The Lasting Legacy of Morgan Evans, Rhino Linings International founder
2019 marks the 10th anniversary of the passing of Morgan Evans, Rhino Linings International founder. As a South African inventor and entrepreneur, Evans was responsible for creating a polyurethane application that grew into a global sensation.
Unlike many entrepreneurial stories that end with a bump in the road, Evans’ tale actually began with one – quite literally.
Polyurethane and the Car Industry
Polyurethanes (PU) can play many roles in improving vehicles. Polyurethane foam can be used to make seats more comfortable, to dampen noise, and to make cars more lightweight, increasing fuel economy. PU coatings can also serve as a protectant against corrosion.
As a marketer and inventor, Evans saw an opportunity to apply a polyurethane coating to wheel wells. As a protectant, polyurethane could work to prolong the life of a vehicle, guarding its body against projectiles or debris kicked up by tires traveling down South Africa’s sometimes hazardous or worn-down roadways.
A Failure to Find A Solution
In theory, the idea was a good one. In practice, the application proved difficult. Time and again, Evans’ efforts to make the polyurethane coating stick to the wheel wells had proven fruitless.
Perhaps it was the frustration he felt from a string of failed prototypes. Or, maybe he was just in a hurry. Whatever the reason, Evans was driving a bit too quickly on his nightly commute home when he hit a bump in the road. While there was no apparent damage to his vehicle, the force of the impact was enough to spill two canisters of polyurethane raw materials sitting in Evans’ trunk.
When the substances combined, a chemical reaction occurred, causing a polyurethane to form and expand, completely covering the floor of the trunk. The spill was undetected by Evans until the following day. Overnight, the mixture had dried, forming a protective shell.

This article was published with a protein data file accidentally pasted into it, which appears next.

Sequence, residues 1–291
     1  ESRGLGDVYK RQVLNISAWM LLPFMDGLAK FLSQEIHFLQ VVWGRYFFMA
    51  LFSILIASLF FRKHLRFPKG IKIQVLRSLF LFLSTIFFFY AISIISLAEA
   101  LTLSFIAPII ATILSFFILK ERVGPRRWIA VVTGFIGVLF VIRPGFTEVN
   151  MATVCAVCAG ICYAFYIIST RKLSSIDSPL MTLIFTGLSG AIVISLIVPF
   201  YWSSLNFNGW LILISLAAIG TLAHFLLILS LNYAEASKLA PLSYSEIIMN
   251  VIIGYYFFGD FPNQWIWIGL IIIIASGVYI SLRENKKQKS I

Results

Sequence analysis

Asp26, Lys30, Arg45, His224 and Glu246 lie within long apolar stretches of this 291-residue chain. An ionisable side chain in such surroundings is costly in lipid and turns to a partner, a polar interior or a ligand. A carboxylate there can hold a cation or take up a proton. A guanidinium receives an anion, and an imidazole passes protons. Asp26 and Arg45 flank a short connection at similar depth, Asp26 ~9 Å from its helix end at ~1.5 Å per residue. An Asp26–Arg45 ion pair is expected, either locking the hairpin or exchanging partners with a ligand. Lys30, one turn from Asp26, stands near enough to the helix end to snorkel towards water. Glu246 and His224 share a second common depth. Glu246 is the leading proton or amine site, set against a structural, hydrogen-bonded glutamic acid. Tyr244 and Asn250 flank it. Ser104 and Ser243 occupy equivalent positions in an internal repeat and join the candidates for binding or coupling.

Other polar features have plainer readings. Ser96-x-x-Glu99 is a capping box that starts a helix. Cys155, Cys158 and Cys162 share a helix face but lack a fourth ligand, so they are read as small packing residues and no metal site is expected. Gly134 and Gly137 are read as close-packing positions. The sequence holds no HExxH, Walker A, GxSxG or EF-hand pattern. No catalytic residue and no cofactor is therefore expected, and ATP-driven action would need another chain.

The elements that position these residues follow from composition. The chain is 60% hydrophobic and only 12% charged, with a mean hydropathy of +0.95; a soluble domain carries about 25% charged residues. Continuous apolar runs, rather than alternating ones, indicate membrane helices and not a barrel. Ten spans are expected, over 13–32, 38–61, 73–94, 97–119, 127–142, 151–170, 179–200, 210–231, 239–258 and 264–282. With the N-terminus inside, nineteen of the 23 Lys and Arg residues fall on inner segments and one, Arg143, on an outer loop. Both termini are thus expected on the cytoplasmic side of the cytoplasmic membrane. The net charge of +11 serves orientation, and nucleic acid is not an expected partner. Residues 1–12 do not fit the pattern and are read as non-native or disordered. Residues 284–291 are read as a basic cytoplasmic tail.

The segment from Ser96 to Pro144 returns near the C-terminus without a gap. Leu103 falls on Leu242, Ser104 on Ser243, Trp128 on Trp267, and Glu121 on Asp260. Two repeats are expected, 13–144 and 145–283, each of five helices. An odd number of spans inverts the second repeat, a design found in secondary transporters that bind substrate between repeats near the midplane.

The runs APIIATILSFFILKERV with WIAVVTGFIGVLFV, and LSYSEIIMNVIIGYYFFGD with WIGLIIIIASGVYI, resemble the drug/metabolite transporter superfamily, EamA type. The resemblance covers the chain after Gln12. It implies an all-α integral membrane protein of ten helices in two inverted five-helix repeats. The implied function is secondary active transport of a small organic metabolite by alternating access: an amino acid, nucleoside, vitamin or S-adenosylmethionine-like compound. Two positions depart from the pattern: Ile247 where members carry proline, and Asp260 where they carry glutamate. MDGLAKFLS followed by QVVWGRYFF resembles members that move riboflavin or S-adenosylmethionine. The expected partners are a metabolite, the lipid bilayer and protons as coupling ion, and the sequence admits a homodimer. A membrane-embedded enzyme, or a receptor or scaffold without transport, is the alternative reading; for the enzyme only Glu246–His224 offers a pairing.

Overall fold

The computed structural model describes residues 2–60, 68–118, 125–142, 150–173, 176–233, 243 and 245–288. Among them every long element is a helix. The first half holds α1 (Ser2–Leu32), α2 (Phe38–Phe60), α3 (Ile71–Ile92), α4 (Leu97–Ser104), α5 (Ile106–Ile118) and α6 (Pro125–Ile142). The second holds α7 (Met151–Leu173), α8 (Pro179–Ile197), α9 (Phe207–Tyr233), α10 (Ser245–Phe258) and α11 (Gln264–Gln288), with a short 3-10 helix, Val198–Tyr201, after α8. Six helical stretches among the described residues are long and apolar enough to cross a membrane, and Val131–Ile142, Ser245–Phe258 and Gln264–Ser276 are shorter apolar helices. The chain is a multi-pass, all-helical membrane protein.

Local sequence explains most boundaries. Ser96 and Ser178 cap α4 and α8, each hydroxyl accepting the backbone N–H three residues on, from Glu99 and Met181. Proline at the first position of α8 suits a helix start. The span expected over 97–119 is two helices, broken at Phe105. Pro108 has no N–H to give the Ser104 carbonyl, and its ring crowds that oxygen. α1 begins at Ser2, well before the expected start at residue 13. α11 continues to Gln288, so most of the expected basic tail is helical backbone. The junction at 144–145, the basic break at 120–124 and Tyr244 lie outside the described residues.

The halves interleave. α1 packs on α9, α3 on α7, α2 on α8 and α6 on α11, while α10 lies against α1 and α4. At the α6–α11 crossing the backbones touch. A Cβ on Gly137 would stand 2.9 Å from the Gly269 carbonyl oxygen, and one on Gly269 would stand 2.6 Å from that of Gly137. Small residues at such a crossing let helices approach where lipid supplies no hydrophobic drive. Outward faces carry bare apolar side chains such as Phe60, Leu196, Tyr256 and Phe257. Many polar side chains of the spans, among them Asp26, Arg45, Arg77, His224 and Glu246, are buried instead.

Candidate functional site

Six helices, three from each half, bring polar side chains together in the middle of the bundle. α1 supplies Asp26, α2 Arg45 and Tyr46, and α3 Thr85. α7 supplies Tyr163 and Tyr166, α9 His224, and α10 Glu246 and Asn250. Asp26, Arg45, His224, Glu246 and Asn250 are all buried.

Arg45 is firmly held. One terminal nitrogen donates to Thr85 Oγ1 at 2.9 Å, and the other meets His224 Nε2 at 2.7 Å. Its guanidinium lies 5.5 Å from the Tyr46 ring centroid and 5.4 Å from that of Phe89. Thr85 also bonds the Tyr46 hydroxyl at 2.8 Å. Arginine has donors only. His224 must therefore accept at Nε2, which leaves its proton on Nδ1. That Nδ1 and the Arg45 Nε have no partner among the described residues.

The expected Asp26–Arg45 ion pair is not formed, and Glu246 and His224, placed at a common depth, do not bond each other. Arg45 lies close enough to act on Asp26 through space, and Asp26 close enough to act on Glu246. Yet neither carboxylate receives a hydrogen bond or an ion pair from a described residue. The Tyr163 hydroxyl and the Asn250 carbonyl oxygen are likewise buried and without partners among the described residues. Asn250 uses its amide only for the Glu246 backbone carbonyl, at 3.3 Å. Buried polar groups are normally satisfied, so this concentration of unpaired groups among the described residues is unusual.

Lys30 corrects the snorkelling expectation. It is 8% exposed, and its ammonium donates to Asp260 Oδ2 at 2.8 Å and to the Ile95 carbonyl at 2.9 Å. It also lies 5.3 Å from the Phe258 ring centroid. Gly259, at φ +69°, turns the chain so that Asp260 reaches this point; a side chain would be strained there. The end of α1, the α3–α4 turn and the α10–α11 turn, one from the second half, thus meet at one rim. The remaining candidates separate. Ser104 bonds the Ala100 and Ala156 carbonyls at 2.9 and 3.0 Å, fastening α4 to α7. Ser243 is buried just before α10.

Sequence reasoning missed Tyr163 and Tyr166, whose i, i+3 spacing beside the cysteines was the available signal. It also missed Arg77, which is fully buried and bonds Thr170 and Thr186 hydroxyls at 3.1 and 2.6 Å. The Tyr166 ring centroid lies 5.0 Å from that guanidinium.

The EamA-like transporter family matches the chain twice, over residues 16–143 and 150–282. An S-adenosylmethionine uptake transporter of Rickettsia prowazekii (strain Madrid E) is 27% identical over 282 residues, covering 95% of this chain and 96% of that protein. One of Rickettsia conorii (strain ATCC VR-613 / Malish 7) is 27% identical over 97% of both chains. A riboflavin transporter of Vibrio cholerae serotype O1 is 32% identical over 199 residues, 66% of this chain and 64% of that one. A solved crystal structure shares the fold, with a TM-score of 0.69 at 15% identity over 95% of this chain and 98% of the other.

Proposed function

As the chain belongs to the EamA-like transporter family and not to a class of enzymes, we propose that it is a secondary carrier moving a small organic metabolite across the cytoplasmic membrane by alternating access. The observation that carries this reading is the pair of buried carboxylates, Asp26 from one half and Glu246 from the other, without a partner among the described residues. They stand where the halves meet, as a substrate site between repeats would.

Upon discovering the mess in the morning, Evans hit upon the idea for a polyurethane coating that could be used as a protectant for the bed of a pickup truck. After all, polyurethane was light, durable and could be quickly applied. As a spray-on liner, he surmised it could be a game changer for the automotive industry.
A Lesson in Pivoting
As an entrepreneur, Evans had learned early on the importance of pivoting. If an idea was not working, perhaps it was time to move on to something different. His trunk mishap was enough to convince him to concentrate on PU coatings for pickup truck liners. In a leap of faith, he dropped his focus on wheel well coatings entirely, deciding instead to focus his efforts on truck beds.
However, the transition was not an easy one. Faulty equipment, not having quite the right polyurethane mixture and a struggling economy made the early days of his business tumultuous. Initial missteps cost Evans both business partners and franchisees alike.
Undeterred by his initial bad luck, Evans persisted, choosing to forge ahead and go it alone. Within a few months, he had found the right mixture of polyurethane that could be applied to truck beds, and he modified his equipment for better application. With a recipe for success in place, his business and the process took off.
Long Lasting Impact
In the ensuing decades, spray-on liners have had a permanent impact on the pickup truck industry. More manufacturers have begun producing vehicles with spray-on liners at the factory level, rather than as an after-market solution.
The application of spray-on protectants has spread to other vehicles, such as trailers and boats. It has even been used for industrial solutions like mining. A mining engineer approached Evans’ company explaining that the mining chutes were suffering wear and tear from regular use over time. He asked that the spray-on polyurethane foam be applied to the chutes. The team willingly obliged and PU is now commonly used in mining chutes also.
After that initial request, many other inquiries were fielded for marine applications; industrial application; and waterproofing for buildings, parking garages, industrial kitchen floors, and even commercial bathrooms. Polyurethane spray-on solution was used as a protectant for them all. During his career, Evans saw his idea prove successful and become commonplace within the automotive industry and in many others. A simple bump in the road would be the spark for a lifetime of achievement and a lasting legacy.